Aborted – Maniacult


Is there anyone who dislikes Aborted? You probably nod your head in quiet admiration at the mention of the Benelux veterans when you survey the contemporary death metal scene. Led by sole founding member, Sven de Caluwé, the group’s influence on the current generation of extreme deathcore and brutal death metal (BDM) bands is remarkable. Everyone from Whitechapel, Ingested and Carnifex to the most obscure underground names in South-East Asia draw on the Aborted sound for inspiration.

Now on their eleventh album, the multi-national metal heroes remind us in no time why people hold them in such high esteem. Aborted are the link between modern death metal, slam and deathcore, yet they also showcase their thrash and groove metal influences with the same panache as Kataklysm. They’re also aware that relentless blasting for an entire album is self-defeating, as evidenced by the swirling guitar pedal ambience and faint keyboard notes lingering at the beginning of ‘Verderf’. You expect a murderous assault, but they fall into a slow grind of monstrous chord accents and crisp drum rituals with the malevolent vocal schizophrenia of Sven de Caluwé setting the mood for the carnage of the title track. ‘Maniacult’ is the standout song of the record and an instant classic with its multi-faceted approach centred around the stupendous footwork of drummer, Ken Bedene. If only more BDM bands incorporated the chunky grooves of Aborted into their attack. The neo-classical guitar solo is even more impressive.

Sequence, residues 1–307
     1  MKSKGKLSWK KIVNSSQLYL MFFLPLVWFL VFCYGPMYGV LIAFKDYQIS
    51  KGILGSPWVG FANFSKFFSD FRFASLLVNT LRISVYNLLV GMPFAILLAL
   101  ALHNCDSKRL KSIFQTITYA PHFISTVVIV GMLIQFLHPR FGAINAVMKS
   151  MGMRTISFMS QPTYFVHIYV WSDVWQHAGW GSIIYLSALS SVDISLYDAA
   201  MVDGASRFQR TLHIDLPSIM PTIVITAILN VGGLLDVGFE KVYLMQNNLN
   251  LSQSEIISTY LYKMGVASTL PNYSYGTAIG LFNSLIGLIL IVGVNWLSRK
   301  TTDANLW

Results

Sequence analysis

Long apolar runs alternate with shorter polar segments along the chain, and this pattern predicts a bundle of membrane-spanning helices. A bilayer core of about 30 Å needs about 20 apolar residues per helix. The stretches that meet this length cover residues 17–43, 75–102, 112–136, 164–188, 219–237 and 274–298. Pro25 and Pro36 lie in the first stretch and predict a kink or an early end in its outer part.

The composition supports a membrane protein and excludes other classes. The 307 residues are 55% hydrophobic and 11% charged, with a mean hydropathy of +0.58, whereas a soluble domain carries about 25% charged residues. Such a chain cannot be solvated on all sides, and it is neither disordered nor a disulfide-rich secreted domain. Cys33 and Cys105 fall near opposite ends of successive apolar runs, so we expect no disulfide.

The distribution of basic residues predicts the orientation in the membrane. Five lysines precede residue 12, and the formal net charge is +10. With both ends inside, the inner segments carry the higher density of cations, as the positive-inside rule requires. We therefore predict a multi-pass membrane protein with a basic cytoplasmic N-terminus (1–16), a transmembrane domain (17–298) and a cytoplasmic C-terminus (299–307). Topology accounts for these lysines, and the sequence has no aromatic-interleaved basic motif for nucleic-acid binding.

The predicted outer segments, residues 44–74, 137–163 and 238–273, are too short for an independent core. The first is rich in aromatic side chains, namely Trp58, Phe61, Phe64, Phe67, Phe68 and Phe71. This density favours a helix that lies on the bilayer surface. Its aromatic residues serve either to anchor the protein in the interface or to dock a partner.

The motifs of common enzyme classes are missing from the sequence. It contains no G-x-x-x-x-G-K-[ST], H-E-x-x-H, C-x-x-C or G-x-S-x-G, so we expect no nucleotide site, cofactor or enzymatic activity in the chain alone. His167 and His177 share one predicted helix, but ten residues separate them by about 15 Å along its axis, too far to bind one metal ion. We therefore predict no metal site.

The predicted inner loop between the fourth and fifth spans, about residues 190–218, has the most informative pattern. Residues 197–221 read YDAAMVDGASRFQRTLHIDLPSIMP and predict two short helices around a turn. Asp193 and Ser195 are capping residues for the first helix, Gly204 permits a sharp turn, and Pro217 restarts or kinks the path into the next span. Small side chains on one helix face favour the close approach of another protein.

Perhaps the most surprising aspect of this record is the pseudo-black metal vocal approach favoured by Sven on the likes of ‘Impetus Odi’ and ‘A Vulgar Quagmire’. Ironically, the former sounds like Carnifex, who take a clear inspiration from Aborted but can now see their own unique extreme metal taking root in their idols. Seldom do you hear that classic 90s post-thrash guitar tone in brutal death metal, but here it runs throughout Maniacult like a reminder of a lost heyday that nobody understood at the time. ‘Portal to Vacuity’ dares to blend black metal riffing with hardcore vocals and a quintessential barrage of Bolt Thrower death-thrash before resetting with industrial percussion and atmospheric effects.

The only issue you’ll have with this record is the potential overkill that starts to sink in at the halfway point. Every song has an abundance of dazzling double-kick drum rhythms and chunky guitars, but the effect of cramming as much terror and chaos into the same orbit as Sven’s multi-tracked vocal shrieks allows you to acclimatise to the brutality with surprising nonchalance. Fortunately, Aborted realise this and slip in the spooky piano interlude of ‘Verbolgen’ at track seven to prepare you for the hardwired Anaal Nathrakh-meets-thrash offensive of ‘Ceremonial Ineptitude’. This is an excellent strategic decision and one that allows you to recharge for the remaining three songs and culmination of ‘I Prediletti: The Folly of the Gods’. Here, they start with harmonising guitars before ripping into a BDM frenzy and finding an imperious stride through the medium of ambient tremolo patterns. It erases the disappointment of the predecessor song, ‘Grotesque’, in one swoop and reminds you that Aborted are more than just a name to toss about in the discussions about true death metal.

They might take minimal risks on this record, but Maniacult is a solid effort. Like Vader, the metal world needs its soldiers for the cause. Aborted won’t reach any further milestones or win new accolades, but they can be proud of their contribution to the cause with this LP.

JVB


Verdict


Release Date: 10/09/2021

Record Label: Century Media

Standout tracks: Maniacult, Portal to Vacuity, Ceremonial Ineptitude

Suggested Further Listening: Cannibal Corpse – Violence Unimagined (2021), Deeds of Flesh – Nucleus (2020), Carnifex – Graveside Confessions (2021)